Nasa
An Atlas rocket carries John Glenn into space on the third manned mission intended to place the first American in orbit.

Documentaries about NASA are not scarce, but Discovery Channel's "When We Left Earth: The NASA Missions" (10 p.m. MDT Sunday and June 15 and 22) paints its tale on a broader canvas.

This isn't a narrow-focus look at the Apollo program; it's an overview of NASA through its entire 50-year history. Taking that approach, "When We Left Earth" can't help but skim the surface of that history over its six-hour running time (two hours air each Sunday).

Even considering the wide array of former astronauts and NASA personnel interviewed for "When We Left Earth," the HBO docudrama miniseries "From the Earth to the Moon" still gives the best sense of NASA culture.

But for space junkies with high-definition TVs, Discovery Channel's new program will be a must-see event. Producers combed through more than 500 hours of footage and transferred more than 100 hours into HD. (Discovery will donate a copy of the HD footage back to NASA.)

Sunday night's first hour, "Mercury: Ordinary Supermen," details the selection of the first astronauts and offers quick descriptions of each (John Glenn is deemed "the most levelheaded"). By the end of the hour, four missions have launched. Not that it needs much help with so much to cover in so little time, but pulse-pounding music with a constant sense of urgency propels the series forward.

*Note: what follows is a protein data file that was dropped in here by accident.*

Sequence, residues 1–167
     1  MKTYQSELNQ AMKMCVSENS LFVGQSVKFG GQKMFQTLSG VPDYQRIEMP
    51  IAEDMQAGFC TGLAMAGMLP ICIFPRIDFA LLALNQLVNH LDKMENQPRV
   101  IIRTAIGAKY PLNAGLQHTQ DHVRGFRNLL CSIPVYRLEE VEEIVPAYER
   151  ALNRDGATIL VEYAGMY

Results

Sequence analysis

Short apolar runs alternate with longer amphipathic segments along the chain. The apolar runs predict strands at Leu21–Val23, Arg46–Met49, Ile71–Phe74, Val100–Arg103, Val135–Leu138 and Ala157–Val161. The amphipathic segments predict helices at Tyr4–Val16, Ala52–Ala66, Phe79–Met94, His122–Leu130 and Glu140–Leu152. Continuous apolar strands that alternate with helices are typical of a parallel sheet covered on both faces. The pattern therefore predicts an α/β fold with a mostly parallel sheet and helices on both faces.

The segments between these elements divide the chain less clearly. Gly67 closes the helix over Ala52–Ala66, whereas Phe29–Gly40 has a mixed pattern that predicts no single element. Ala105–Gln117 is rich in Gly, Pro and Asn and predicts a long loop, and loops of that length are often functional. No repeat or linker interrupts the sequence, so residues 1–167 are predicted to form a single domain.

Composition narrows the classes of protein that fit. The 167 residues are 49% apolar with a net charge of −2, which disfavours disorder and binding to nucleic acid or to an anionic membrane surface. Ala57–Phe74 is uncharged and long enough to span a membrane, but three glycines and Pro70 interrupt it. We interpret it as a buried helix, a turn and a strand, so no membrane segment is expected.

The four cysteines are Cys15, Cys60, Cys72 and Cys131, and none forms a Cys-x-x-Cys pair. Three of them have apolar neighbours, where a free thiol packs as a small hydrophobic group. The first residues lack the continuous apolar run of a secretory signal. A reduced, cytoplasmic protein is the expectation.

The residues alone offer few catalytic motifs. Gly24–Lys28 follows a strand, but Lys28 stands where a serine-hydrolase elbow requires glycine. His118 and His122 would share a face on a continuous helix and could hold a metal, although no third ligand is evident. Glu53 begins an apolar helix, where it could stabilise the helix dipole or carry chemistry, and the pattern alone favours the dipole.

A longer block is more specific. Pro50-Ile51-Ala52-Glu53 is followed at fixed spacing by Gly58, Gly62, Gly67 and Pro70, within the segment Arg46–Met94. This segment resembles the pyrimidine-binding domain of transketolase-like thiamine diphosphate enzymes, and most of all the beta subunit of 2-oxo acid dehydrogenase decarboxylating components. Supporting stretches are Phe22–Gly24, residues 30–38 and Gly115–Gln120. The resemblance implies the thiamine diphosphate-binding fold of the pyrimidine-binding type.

By Episode Five, "The Shuttle" (9 p.m., June 22), it's 1977 and the space shuttle is having its first tests. The first shuttle commander, John Young, says, "Anybody who thinks they can statistically predict when something with 2 million moving parts is gonna fail is smoking something they shouldn't be probably."

Although clearly an ode to the men and women of NASA — narrator Gary Sinise, one of the stars of "Apollo 13," describes NASA's history as "the story of our greatest adventure" — "When We Left Earth" doesn't skirt the failures.

"NASA was arrogant," says journalist Jay Barbree, who has covered the space program since its inception. "They thought they couldn't do anything wrong."

The program immediately cuts to the image of doomed teacher-in-space Christa McAuliffe preparing for the disastrous Challenger flight. Much of "The Shuttle" is devoted to the Challenger tragedy and the series' final episode, "A New Space Age" (10 p.m., June 22), chronicles the Columbia breakup on re-entry.

Aside from some little-seen footage and the HD appeal, "When We Left Earth" doesn't break new ground, but it repackages the history of America's manned space program in spruced-up, easy-to-digest form.